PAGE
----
Ship Island’s pristine beaches and habitat still being impacted by oil [w/Video]

“When you have been to a place and experience the natural world I think you can appreciate more and want to do more to protect it."

12-07-2010 // Craig Guillot
Public Health Notice on Ship Island, Mississippi
Seven months after the start of the Gulf oil disaster, one of Mississippi’s most pristine islands is still being impacted by oil
. With large tar balls washing up daily and potential impacts in the food chain that have yet to be discovered, those familiar with the island say it may be a long time before it returns to its natural state.

Ship Island sits 12 miles off the coast of Gulfport, Miss., and is part of the Gulf Islands National Seashore, an area that includes seven islands and mainland coast stretching from Mississippi to Pensacola, Florida. Accessible to the public via a one-hour ferry ride from Gulfport, Ship Island sees more than 60,000 visitors per year. Far enough from the murky waters of the Mississippi and Louisiana coast, the island boasts clear blue waters on par with the Florida Panhandle. Day trippers come to the island to fish, swim, relax in the sun and explore Fort Massachusetts, a fort built in the early 1860s to help defend New Orleans and the Gulf Coast.

Despite its traffic during the summer months Ship Island remains a natural paradise. With the exception of a boardwalk across the island, a few restrooms and a concession stand, it is virtually untouched and undeveloped. Kathy Shelton, a South Mississippi Conservation Biologist for the Mississippi Museum of Natural Science, said the ends of the island hosts large colonies of migratory birds. This includes rare and endangered species such as Brown Pelican, Piping Plover, Royal Tern, Least Tern and Osprey and breeding birds such as Black Skimmers.

“It is just an amazing place to be. It is not far from the mainland but it’s still pretty isolated. The draw for a lot of bird species is that they don’t get much disturbance,” said Shelton.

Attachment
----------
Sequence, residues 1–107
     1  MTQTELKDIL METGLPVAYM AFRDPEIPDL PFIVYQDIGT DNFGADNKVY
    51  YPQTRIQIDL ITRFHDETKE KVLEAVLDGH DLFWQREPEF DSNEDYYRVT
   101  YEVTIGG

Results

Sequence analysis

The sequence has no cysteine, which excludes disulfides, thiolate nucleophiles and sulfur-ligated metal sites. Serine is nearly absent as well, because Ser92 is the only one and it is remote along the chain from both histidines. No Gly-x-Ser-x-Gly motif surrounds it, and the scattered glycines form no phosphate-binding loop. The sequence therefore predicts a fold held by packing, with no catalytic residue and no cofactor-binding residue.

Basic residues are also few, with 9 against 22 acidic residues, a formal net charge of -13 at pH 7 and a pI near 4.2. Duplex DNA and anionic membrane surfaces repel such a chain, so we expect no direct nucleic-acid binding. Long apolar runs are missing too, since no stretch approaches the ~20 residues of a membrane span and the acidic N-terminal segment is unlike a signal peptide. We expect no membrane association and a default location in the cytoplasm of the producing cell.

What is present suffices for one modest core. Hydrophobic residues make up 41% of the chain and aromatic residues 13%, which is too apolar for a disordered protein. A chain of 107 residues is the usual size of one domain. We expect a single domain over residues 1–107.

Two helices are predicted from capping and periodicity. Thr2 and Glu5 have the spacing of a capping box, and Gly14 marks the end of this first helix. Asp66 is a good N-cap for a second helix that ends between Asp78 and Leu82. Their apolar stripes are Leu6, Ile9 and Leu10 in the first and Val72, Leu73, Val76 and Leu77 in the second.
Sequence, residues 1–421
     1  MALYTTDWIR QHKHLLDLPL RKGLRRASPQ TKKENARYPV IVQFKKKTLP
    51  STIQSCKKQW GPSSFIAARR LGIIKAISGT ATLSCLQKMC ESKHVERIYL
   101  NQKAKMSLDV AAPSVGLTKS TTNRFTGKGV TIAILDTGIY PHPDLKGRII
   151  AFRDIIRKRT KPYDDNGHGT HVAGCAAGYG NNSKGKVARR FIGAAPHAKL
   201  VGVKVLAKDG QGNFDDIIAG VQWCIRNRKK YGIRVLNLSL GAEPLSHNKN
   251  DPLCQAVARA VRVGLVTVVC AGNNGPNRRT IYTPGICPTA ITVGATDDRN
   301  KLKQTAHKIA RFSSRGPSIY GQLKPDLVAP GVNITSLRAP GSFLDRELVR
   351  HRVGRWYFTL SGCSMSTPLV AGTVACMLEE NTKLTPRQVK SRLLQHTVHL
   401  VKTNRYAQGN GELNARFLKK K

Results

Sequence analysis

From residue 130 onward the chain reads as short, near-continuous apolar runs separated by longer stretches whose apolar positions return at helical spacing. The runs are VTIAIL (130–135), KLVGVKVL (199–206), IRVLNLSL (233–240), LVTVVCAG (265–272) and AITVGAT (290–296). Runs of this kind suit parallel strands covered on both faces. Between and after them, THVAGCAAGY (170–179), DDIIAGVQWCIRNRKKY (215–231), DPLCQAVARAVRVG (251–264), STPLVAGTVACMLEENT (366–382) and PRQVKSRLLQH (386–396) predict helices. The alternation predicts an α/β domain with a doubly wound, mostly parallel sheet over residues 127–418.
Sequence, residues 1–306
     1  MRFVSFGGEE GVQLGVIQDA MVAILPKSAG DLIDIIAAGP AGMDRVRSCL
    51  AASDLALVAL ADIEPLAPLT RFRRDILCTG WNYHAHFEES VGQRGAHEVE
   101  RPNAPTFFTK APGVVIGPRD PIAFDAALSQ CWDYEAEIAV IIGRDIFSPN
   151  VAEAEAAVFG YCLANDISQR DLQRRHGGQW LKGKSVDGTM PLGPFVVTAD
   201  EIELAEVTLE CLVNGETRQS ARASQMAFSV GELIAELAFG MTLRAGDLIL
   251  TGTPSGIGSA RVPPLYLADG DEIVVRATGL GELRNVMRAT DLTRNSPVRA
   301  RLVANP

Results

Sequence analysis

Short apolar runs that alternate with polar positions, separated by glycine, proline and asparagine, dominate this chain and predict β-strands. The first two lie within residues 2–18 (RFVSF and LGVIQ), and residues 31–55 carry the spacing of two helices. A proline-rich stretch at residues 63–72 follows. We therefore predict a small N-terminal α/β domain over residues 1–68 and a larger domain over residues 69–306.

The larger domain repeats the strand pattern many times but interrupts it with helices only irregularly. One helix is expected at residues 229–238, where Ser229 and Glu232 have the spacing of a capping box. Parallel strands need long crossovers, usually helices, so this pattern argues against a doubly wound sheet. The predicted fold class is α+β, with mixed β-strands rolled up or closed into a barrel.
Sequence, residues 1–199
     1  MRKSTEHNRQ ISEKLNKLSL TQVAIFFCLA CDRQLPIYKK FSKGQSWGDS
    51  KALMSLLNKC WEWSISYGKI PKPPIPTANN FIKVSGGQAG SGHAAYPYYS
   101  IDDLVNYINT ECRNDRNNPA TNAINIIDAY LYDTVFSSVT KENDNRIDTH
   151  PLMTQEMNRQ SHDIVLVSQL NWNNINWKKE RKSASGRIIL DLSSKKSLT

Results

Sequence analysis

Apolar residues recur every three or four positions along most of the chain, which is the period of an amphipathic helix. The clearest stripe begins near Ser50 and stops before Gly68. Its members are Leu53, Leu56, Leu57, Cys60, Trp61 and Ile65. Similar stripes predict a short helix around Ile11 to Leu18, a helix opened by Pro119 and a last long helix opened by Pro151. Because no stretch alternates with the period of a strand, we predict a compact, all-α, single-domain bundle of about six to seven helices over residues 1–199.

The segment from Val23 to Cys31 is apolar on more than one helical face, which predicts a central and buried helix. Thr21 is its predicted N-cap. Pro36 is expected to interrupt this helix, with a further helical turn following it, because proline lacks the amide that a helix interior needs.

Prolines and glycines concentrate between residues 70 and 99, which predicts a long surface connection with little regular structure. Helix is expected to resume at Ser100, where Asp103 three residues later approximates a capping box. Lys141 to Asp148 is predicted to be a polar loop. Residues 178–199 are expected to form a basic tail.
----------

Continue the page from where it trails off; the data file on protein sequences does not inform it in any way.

All that tranquility came to an end when oil started hitting the island in late-May. Louis Skrmetta runs the charter company Ship Island Excursions and said that even before oil reached the island, visitor numbers plummeted due to the perception that the Gulf was unsafe for swimming. And then when oil did reach the island, the real impacts on the wildlife started as oiled and dead wildlife started showing up on the beaches.

Skrmetta said while Ship Island never saw the massive sheets of oil as in coastal Louisiana, it has received a steady amount of tar balls. Seven months after the start of the disaster, that impact continues and tar balls can be found all along the south shore of the island. Some are almost a foot in diameter. Skrmetta said while BP contractors are constantly cleaning up affected beach areas, the tar balls continue to accumulate.

“[Tar balls] are showing up every time you have a weather event. Every time you have a high tide or southeast wind it seems like they’re showing up,” said Skrmetta.

According to an undisclosed source, BP contractors are removing between 600 and 1,000 pounds of tar balls per day.

Just how long the barrage of tar balls will continue has yet to be seen. Skrmetta fears that with untold amount of oil out there, they could be cleaning up the island for another two decades. Shelton said a more troublesome concern is the unseen impacts in the food chain and how they will affect birds and other wildlife with sub-lethal effects. Shelton points to the discovery of oil in crab larvae as a sign that impacts could accumulate in the food chain.

Covering news of continuing tar balls on Ship Island in the Gulf of Mexico
“We really don’t know if we dodged the bullet because we don’t know what the impacts are to the food chain. A lot of these terns feed on small fish that are in the water eating plankton and they all could be impacted by the oil,” said Shelton.

Cathy Shropshire, executive director of the Mississippi Wildlife Federation, said that Ship Island serves a valuable role in helping educate the public about the importance and natural habitats of the barrier islands. Because it is one of the few accessible islands, it serves as a living museum and model for helping people understand the need to preserve and protect such pristine environments.

“When you have been to a place and experience the natural world I think you can appreciate more and want to do more to protect it,” she said.


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